Finding spring on Cape Cod….

After a week of being sick and housebound and watching the snow blow yet again outside my window I went in search of spring this week.

Where is the best place to find spring? At a farm! Every year about this time I pop on over to Peterson’s Farm in Woods Hole to see the little lambs. It doesn’t get much cuter than little lambs jumping and running about. No matter how grumpy or out of sorts you may be feeling I think it would be hard to stay that way while watching little lambs frolic.

I even got to visit with Harley, the llama and his older charges. That Harley is one patient dude, hanging out with the chickens as well as those persnickety old sheep.


Birds were singing all about,  none as brightly or loudly as this happy song sparrow, though.


Robins and grackles were everywhere in the fields, some even finding worms or grubs. It’s late for worms and grubs but there is still snow on the ground in many places. In the warmer spots, however, worms and grubs were nearer to the surface.

006 008

A rabbit watched me as I watched it, hidden well within the brambles…



It gave me a nice little flash of white tail as it made its exit.

016The shrubs and vines are showing life and were full of birds…


In another few weeks it will be full on spring at the farm. I can’t wait! Happy Spring, everyone!

Cold front blows through

Last night around 6 o’clock the bright sun faded as a huge dark cloud approached from the north. Living on the south side by a harbor we were treated to a sky half sunny and half stormy…

The wind blew, branches bent and on the north side of our house fat raindrops hit our windows. The front passed in minutes, leaving golden light behind.

That’s the same scene just moments later. Pretty amazing, huh?

Then there was this

And this

It was like fire in the sky which then calmed and faded to this

Within minutes it had faded to this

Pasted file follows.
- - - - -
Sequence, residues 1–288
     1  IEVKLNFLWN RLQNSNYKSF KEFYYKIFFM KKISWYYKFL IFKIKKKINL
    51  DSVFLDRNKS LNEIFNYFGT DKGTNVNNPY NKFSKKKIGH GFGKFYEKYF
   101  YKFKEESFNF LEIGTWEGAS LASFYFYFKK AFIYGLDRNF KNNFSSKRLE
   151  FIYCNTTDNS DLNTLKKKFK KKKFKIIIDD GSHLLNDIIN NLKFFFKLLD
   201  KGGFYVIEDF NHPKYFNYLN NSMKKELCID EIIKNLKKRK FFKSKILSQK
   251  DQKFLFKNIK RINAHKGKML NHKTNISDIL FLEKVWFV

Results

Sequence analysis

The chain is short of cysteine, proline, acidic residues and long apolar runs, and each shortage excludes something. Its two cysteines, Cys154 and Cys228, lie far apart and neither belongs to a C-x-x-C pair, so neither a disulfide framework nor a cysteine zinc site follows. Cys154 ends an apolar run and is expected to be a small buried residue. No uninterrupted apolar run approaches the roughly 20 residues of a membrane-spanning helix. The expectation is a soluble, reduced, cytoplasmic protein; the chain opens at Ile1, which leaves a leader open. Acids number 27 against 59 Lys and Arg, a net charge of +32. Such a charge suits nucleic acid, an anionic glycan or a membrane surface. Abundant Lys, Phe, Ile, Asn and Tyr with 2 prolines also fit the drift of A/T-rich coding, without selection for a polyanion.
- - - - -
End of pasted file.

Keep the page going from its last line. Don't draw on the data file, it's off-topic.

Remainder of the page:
Do you see the tiny star?

It was definitely worthy of a wish!

All photos taken with my iPhone and within an hour or so last night.

Icebergs, Cape Cod Style

Perhaps you’ve seen the photos and news story that went viral about the giant (for us) icebergs breaking up and floating in Cape Cod Bay. Wellfleet at low tide was suggested as the best place and time to see them and that was around 9:30 this morning. Of course I had to go!

I was running a bit behind so I stopped at First Encounter Beach in Eastham. What a sight! About a dozen people were there taking photos and chatting….

Someone had walked out on the ice–not a great idea, by the way–and if you look really closely in the center of the second photo you can see a standing person dressed in black….gives you some idea of how big those chunks of ice were….

When I left there I headed to Wellfleet but at the last minute I thought I’d try Corn Hill in Truro. It should have had the same big ice and maybe not the crowds of Wellfleet. Whoa! I hit a bonus for sure! The water was glassy still, the sky clear and blue and the ice was clean and white!


The photos just don’t do it justice. It was profoundly beautiful, peaceful and sublime. I was there by myself for a long time but finally someone else came by so I could get some scale.

Finally I dragged myself away–it was a warm and lovely day here–and went to Wellfleet. What a mob! Hundreds of people and scraggly looking ice….

I took my lunch to Skaket where there were also a lot of people….

And in the end I was seriously glad I had listened to that little voice that told me to try somewhere different. It was truly a sight and a day I will never forget…

If you go, know that the ice is melting and that salt ice is not reliable, even on the sand. Dogs may try to jump and could be stranded so leashes are advised around the ice floes. Also, low tide is your friend. Don’t wait too long! They will be gone soon.

Winter visitors at the bird feeders

This has been a tough winter for many of our feathered friends. Copious amounts of snow have made it difficult to find natural food and many birds that don’t usually visit feeders have been coming around, hoping for some nutritious handouts to tide them over.

For the first time in my yard I have had a hermit thrush. Hermit thrushes do over winter here on the Cape in small numbers but in 30 years I have never had one in the yard until now.

036 037Another bird that we have all summer but not usually at a feeder in the winter is the gray catbird and yet one showed up about two weeks ago and visits the suet feeder daily.



This isn’t a great shot but check out that rusty red under the tail feathers!020

Another unusual visitor has been this northern mockingbird. Again, a bird that we know is around even in the winter but which usually stays far away from the feeders.

005 009 011And then there is the visitor to the feeders none of the other birds like to think about but hey, it’s been a tough winter and even the Cooper’s hawks are hungry…

100Many people have been spotting unusual birds in their yards this winter. What have you been seeing?


Finding Beauty in a Cape Cod Winter

This has been quite a month and I’m pretty sure most of us are tired of the “S” word by now. Rain is predicted after beginning as snow for tonight and tomorrow and although it will probably make a mess of the roads I’ll be glad to see at least some of these huge snow piles wash away.